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Subject: LCSH

School health services, School mental health services, Teenagers--Medical care, Substance abuse




The present study examines the impact of child and family risk factors on service access for youth and families in a school-based system of care. Regression analyses examined the relationships between risk factors and services recommended, services received, and dosage of services received. Logistic regression analyses examined the relationship between risk factors and whether or not youth received specific types of services within the system of care. Results revealed that youth with a personal or family history of substance use had more services recommended than youth without these risk factors, while youth with a family history of substance use received more services. Youth with a history of substance use received a significantly higher dosage of services overall. Finally, history of family mental illness was associated with receiving mental health and operational services (e.g., family advocacy, emergency funds). Implications and limitations are discussed. Systems of care were developed in response to the need for more appropriate and accessible preventive and treatment services for children with severe emotional and behavioral difficulties and their families. In 1992, the United States Congress established the Comprehensive Community Mental Health Services (CMHS) for Children and Their Families Program, which has provided funding to 126 communities over the past 14 years for the development of local systems of care.1 A system of care is a coordinated network of community-based services and supports that is created to meet the challenges of children.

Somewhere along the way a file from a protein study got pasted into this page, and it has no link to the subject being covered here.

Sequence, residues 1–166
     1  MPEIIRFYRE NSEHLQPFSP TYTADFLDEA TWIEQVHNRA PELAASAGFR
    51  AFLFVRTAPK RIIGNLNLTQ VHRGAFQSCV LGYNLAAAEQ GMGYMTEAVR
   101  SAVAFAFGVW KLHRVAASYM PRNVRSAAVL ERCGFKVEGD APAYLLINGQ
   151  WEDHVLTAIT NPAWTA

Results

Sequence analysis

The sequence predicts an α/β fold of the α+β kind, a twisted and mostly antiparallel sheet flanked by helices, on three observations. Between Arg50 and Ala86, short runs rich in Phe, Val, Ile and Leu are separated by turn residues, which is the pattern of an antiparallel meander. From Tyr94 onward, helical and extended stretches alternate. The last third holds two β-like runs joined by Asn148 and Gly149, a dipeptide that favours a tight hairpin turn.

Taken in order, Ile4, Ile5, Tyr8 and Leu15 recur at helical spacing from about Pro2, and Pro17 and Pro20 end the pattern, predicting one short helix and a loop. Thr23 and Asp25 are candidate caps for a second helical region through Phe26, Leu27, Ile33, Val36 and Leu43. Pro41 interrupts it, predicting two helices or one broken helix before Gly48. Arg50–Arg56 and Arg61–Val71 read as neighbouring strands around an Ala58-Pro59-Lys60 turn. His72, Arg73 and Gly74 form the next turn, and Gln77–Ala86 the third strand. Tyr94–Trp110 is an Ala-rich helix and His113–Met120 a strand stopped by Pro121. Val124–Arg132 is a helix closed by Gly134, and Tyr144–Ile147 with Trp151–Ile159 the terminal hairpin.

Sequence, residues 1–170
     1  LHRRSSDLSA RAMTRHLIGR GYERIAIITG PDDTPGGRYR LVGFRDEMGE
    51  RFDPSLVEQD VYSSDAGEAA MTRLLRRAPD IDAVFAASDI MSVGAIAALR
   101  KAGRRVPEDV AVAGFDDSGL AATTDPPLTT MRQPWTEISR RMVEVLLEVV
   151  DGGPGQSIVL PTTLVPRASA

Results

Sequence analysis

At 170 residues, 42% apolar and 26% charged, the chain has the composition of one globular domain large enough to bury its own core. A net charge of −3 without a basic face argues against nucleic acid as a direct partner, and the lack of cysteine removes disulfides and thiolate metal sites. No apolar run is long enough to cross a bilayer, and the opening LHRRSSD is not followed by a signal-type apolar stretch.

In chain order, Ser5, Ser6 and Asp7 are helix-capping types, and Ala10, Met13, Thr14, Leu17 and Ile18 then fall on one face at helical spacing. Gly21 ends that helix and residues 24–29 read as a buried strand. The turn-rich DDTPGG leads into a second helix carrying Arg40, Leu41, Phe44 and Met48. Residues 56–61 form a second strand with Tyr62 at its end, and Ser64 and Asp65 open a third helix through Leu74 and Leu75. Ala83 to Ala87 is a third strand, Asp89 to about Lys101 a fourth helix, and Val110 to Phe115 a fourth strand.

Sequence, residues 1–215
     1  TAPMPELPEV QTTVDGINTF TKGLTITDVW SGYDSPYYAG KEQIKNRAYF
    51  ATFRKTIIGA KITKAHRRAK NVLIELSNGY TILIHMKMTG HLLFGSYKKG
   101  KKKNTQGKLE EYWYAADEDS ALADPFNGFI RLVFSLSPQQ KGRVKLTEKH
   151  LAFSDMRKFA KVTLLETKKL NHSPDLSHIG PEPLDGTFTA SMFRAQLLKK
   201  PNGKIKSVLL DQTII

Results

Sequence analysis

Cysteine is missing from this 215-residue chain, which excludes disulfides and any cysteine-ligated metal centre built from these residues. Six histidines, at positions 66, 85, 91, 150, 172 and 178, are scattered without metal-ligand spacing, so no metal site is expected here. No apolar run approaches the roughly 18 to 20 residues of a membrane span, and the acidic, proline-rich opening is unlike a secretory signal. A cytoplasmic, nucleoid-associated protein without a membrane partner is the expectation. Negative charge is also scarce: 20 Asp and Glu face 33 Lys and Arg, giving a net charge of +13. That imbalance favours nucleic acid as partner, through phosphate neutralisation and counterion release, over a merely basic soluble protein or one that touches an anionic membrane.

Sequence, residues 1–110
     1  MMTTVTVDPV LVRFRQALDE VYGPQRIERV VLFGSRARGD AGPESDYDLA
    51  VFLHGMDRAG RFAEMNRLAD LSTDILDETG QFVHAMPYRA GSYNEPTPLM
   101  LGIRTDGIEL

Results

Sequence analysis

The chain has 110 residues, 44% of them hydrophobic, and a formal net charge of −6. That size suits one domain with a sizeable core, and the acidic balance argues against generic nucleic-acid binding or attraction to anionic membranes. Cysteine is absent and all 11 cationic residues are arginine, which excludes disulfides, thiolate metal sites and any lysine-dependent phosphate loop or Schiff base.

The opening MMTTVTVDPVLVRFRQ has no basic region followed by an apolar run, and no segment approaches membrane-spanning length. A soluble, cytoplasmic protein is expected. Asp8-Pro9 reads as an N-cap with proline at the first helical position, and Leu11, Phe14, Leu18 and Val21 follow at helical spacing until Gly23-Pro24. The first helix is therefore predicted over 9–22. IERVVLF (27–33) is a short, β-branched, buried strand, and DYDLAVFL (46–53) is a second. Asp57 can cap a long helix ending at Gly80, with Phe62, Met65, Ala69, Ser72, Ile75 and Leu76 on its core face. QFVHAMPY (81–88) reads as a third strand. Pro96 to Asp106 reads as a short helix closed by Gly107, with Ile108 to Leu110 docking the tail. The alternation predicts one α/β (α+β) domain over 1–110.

This is the authors' accepted manuscript of the published article.

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Publisher Citation

Whitson, Melissa L., Connell, Christian M., Bernard, Stanley, & Kaufman, Joy. The Impact of Youth and Family Risk Factors on Service Recommendations and Delivery in a School-Based System of Care. Journal of Behavioral Health Services & Research. 2011 April ; 38(2): 146–158. doi:10.1007/s11414-009-9208-9.

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